Prop 8 democratically approved by millions; rejected by 3 Judges. Is the majority allowed to vote down the request for equal rights of an unpopular minority?

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Although Prop 8 was passed, the Constitutionality of the law is what is being questioned.  Whatever the majority deems lawful can be overturned, if such a law violates an individual's Rights; that is precisely what the Judiciary is for, to provide a check on the power of the Legislature.

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I agree with the postings above. The courts are not (or, at least ideally, should not) be in the business of rubber-stamping majority opinions. The courts ideally are the places where the rights of minorities of all sorts can be protected. The U. S. is not a democracy but a republic. In democracies, majority rule matters most; in republics, rule by law is the chief criterion. It will be interesting to see what the U. S. Supreme Court decides, if it even takes up this case. I realize, of course, that courts are rarely completely "objective," but ideally they are more "objective" than the other branches of government.

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It depends on if the law is constitutional or not.  It really does not matter what all of the people think, if the law is not legal.  The court's role is not to determine morality.  The court is only interested in legality.  The law was not constitutional.

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It is the responsibility of the federal judiciary to overturn laws that it deems to be contrary to the Constitution, no matter how popular they are. Sometimes this means that the role the judicial branch is to serve as protection against the tyranny of the majority, to use Tocqueville's words. If the law unfairly discriminates against a minority in the court's estimation, than the decision is clear. It will be interesting to see if the Supreme Court is willing to take on the issue.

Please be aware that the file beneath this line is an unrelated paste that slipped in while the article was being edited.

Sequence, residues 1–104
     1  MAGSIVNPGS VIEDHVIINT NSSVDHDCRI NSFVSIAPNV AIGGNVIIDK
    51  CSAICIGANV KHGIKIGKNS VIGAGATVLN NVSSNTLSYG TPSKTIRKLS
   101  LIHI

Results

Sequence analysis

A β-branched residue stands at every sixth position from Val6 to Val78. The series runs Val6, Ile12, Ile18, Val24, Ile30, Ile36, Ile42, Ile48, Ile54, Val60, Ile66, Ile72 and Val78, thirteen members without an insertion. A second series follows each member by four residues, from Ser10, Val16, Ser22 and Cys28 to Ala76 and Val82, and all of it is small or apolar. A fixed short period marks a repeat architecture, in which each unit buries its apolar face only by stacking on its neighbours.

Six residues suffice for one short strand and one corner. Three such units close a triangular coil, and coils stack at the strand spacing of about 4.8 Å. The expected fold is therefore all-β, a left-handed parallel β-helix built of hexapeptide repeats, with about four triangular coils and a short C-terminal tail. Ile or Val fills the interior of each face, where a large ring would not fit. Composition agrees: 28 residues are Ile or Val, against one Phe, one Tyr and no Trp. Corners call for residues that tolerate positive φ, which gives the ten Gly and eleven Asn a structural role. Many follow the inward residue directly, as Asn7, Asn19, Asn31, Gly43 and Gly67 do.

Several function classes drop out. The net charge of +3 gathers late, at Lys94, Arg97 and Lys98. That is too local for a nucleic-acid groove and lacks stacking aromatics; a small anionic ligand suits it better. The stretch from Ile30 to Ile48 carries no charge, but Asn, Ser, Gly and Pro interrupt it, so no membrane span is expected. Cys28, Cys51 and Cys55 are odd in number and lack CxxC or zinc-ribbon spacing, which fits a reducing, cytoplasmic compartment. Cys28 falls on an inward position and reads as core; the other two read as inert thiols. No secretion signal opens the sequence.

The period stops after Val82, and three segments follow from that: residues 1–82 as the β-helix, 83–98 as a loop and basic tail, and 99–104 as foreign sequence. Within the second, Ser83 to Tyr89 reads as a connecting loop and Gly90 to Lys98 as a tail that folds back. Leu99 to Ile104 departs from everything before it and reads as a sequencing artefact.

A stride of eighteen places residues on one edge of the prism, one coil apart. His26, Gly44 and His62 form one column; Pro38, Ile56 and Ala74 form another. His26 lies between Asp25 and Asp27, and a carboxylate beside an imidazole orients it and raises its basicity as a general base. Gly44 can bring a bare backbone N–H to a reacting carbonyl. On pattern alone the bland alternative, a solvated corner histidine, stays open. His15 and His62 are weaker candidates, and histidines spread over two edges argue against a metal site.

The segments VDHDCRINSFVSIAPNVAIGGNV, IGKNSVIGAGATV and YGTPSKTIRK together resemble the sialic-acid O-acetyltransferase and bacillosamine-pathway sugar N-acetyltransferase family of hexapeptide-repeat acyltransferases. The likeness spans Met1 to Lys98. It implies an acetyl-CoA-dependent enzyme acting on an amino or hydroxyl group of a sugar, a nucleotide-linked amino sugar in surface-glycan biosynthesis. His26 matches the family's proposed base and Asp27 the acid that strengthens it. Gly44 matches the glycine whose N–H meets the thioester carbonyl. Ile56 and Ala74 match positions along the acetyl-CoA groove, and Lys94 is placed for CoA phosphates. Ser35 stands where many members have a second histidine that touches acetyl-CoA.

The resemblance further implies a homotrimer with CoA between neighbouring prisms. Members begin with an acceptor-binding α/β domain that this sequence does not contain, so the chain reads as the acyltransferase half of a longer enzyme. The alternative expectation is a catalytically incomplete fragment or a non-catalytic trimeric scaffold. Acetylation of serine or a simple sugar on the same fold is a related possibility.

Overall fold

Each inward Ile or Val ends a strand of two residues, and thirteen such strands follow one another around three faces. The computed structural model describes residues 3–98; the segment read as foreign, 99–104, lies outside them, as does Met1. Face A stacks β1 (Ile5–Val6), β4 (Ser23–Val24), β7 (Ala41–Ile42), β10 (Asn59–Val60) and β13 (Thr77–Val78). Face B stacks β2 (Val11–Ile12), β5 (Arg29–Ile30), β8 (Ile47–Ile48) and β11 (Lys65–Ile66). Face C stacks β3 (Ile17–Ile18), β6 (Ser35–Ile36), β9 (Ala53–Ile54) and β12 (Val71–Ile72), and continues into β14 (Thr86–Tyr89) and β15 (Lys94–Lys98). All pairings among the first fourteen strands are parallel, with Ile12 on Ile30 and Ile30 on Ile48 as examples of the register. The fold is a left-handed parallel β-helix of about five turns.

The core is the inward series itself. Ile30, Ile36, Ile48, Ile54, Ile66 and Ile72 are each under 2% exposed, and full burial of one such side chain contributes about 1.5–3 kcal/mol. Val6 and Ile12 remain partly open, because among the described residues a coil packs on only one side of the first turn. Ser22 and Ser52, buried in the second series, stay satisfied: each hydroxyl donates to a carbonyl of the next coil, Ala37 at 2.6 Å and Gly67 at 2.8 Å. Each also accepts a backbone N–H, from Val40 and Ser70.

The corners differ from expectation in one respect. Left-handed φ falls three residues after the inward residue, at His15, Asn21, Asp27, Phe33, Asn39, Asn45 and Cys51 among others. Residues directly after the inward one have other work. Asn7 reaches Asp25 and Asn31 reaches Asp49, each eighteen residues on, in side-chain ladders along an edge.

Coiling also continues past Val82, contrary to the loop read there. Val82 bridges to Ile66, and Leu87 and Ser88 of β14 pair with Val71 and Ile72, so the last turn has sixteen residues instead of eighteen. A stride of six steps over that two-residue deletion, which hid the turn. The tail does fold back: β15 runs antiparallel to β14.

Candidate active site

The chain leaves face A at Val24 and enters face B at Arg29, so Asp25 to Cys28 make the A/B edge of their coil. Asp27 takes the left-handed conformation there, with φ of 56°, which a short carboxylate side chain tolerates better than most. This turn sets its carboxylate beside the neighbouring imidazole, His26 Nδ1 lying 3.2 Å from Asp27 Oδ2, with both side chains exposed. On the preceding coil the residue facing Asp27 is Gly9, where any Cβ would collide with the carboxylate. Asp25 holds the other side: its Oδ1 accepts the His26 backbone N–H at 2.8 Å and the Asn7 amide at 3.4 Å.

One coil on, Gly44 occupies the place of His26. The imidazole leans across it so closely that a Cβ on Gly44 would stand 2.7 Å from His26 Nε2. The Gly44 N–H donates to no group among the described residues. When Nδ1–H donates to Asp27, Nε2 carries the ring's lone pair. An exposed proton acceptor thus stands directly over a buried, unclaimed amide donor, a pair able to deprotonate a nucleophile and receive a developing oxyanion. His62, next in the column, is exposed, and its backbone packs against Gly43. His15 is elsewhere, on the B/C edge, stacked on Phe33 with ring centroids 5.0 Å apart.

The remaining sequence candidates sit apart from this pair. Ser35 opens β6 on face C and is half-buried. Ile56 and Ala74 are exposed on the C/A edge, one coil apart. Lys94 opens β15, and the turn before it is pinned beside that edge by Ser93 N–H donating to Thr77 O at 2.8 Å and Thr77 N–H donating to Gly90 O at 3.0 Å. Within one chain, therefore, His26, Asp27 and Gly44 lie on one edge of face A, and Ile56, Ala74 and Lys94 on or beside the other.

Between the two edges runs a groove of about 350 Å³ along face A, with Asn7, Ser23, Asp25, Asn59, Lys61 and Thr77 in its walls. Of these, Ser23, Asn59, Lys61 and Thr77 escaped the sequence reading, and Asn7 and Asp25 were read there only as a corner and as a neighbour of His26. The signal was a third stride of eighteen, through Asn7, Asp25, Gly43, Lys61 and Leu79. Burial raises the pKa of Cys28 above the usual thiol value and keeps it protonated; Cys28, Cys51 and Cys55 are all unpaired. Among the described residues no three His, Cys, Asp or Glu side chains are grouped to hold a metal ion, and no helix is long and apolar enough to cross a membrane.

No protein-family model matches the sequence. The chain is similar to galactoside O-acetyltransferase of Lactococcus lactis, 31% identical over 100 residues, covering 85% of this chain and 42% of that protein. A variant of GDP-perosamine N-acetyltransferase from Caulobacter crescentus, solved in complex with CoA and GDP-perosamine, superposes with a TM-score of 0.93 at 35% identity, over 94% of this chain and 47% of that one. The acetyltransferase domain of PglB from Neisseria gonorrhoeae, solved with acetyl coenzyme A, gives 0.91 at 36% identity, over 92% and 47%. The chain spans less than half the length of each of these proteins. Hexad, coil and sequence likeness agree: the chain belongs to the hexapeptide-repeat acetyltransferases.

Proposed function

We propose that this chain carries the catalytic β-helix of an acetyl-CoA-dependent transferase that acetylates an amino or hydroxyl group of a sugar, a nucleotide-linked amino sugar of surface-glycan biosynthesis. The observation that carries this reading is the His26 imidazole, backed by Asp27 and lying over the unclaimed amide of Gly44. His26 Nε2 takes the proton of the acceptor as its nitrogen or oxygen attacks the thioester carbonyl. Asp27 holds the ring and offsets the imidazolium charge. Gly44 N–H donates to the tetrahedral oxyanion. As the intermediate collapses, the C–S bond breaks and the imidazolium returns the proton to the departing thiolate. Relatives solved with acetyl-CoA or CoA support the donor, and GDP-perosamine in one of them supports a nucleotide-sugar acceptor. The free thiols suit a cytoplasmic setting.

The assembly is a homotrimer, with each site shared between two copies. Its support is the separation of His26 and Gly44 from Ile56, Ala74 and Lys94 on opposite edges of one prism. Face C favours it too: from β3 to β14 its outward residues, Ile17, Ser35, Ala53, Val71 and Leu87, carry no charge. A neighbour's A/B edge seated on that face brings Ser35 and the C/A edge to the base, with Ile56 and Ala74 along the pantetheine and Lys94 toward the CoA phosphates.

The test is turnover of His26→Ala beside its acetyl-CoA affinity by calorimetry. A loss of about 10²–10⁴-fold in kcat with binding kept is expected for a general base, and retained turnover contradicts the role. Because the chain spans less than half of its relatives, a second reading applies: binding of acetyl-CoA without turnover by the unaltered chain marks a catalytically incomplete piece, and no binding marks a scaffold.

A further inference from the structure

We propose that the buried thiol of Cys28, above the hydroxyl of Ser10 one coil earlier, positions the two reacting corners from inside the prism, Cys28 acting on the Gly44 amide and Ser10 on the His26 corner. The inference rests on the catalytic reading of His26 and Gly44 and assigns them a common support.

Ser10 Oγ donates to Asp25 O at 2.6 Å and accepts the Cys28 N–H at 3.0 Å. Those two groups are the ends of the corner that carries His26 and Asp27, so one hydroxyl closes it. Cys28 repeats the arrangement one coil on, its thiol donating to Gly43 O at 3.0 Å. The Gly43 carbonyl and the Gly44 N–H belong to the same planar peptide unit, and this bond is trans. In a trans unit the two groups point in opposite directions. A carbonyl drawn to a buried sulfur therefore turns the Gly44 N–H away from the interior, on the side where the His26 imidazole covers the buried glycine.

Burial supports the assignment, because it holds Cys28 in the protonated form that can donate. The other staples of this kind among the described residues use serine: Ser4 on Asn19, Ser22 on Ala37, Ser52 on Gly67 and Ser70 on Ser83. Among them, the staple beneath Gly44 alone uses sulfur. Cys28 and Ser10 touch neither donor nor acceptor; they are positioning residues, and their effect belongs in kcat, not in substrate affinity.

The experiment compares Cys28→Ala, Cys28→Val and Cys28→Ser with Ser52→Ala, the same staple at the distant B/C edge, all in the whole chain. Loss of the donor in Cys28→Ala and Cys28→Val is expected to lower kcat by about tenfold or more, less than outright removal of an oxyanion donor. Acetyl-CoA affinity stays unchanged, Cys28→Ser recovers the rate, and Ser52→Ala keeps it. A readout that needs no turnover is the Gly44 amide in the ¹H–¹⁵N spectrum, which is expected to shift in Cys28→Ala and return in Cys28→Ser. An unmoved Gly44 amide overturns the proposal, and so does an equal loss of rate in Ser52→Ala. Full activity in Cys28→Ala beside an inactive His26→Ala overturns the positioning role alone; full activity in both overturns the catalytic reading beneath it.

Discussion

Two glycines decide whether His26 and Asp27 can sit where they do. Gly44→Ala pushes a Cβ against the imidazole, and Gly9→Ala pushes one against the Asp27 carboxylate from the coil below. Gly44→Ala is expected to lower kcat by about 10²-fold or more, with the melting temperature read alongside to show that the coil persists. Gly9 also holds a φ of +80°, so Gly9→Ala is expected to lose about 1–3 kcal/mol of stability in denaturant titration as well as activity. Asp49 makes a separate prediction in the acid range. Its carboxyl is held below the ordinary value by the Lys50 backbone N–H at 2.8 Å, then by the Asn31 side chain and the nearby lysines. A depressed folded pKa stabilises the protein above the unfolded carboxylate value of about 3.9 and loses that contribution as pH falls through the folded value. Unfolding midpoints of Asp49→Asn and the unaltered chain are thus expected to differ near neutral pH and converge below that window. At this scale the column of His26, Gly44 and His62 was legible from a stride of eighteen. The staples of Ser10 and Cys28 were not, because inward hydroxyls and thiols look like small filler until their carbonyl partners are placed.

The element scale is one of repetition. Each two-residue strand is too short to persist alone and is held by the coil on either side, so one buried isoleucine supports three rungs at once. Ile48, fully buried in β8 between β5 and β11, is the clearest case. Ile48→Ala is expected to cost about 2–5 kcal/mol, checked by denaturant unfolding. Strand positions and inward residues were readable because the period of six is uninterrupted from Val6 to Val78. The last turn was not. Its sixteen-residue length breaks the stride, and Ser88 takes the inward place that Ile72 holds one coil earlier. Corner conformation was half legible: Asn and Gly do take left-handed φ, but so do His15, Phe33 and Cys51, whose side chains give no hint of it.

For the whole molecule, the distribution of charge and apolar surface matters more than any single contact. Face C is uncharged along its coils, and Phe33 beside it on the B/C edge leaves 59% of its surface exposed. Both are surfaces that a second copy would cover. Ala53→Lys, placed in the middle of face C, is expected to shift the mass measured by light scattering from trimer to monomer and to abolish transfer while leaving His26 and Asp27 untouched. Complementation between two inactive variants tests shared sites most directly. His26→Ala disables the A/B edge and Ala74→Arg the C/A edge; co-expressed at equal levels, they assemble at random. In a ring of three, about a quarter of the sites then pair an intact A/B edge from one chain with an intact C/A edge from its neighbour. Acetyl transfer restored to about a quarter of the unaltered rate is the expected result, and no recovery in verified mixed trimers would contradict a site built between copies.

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It depends on how unpopular the minority is, right?  For a long time, whites were allowed to "democratically" choose not to give rights to blacks.  Now, we are struggling over this issue with regard to gay rights.  In general, majorities should not be able to vote to deny rights to minorities, but it's hard to know where to draw the line since some minorities (for example, those who want to practice polygamy) do have their rights denied.

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